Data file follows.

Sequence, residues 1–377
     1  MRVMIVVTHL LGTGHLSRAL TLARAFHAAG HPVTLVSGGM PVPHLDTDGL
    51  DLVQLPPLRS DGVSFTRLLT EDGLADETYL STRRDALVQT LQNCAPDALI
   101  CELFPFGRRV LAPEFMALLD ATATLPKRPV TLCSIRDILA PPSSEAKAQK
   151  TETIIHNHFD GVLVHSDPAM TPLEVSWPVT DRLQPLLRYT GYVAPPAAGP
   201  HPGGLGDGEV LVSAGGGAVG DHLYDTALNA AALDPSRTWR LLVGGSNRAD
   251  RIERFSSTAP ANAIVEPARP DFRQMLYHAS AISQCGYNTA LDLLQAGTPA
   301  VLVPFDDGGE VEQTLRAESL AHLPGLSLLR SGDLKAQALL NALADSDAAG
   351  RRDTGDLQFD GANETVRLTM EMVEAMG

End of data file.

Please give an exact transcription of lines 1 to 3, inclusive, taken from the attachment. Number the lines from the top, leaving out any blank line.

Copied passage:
Sequence, residues 1–377
     1  MRVMIVVTHL LGTGHLSRAL TLARAFHAAG HPVTLVSGGM PVPHLDTDGL
    51  DLVQLPPLRS DGVSFTRLLT EDGLADETYL STRRDALVQT LQNCAPDALI